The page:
Uganda blackouts ‘fuel baby boom’

March 19, 2009 • Daily Email Recap

Thanks to Steve Kurtz for sending this article. The introductory paragraph is from Kenn in London.

Although blackouts, like strikes, can cause a rise in the birth rate (as in Britain in the 1970s), Uganda’s Planning Minister has got it completely the wrong way around. It is population growth that is causing the blackouts, not the other way around (not least because most of the population is still rural and not yet on mains electricity – Uganda’s HEP dams, particularly at Jinja, are stretched beyond capacity. The dams simply cannot cope with the growing demand for electricity from Uganda’s growing urban population and industry, so there is electricity rationing between parts of the county (as with Kenya). Plus, the government doesn’t have the revenue to pay for the infrastructure (e.g. electricity) for this rapidly growing population (despite Uganda having perhaps most effective tax-collecting services in Africa, since Museveni came to power).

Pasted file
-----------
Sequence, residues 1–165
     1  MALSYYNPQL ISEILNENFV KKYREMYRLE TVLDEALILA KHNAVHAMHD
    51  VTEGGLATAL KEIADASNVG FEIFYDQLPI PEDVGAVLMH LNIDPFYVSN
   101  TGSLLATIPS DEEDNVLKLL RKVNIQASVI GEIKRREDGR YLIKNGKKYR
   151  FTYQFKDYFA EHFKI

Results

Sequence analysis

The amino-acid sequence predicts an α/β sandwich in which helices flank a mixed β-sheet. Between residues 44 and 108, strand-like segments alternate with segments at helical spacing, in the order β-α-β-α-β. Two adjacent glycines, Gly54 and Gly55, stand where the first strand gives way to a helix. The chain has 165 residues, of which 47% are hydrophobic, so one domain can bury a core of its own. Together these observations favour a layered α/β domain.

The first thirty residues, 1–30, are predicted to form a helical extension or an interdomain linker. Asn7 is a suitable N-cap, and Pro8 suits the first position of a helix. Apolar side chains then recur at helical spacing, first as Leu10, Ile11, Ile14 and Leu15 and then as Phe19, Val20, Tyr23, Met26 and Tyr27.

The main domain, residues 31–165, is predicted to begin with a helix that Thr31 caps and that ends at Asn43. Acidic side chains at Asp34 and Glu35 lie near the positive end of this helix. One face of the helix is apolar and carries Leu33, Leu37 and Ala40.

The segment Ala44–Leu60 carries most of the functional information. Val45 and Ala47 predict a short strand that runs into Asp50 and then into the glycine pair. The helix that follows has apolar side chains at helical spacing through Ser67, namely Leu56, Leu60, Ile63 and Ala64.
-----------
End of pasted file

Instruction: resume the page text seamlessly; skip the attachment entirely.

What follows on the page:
Uganda’s population explosion is being fuelled by electricity shortages which lead couples to go to bed early and have sex, a minister has said.

“While the rest of the world is working in shifts, we in Uganda are going to bed early,” said Planning Minister Ephraim Kamuntu.

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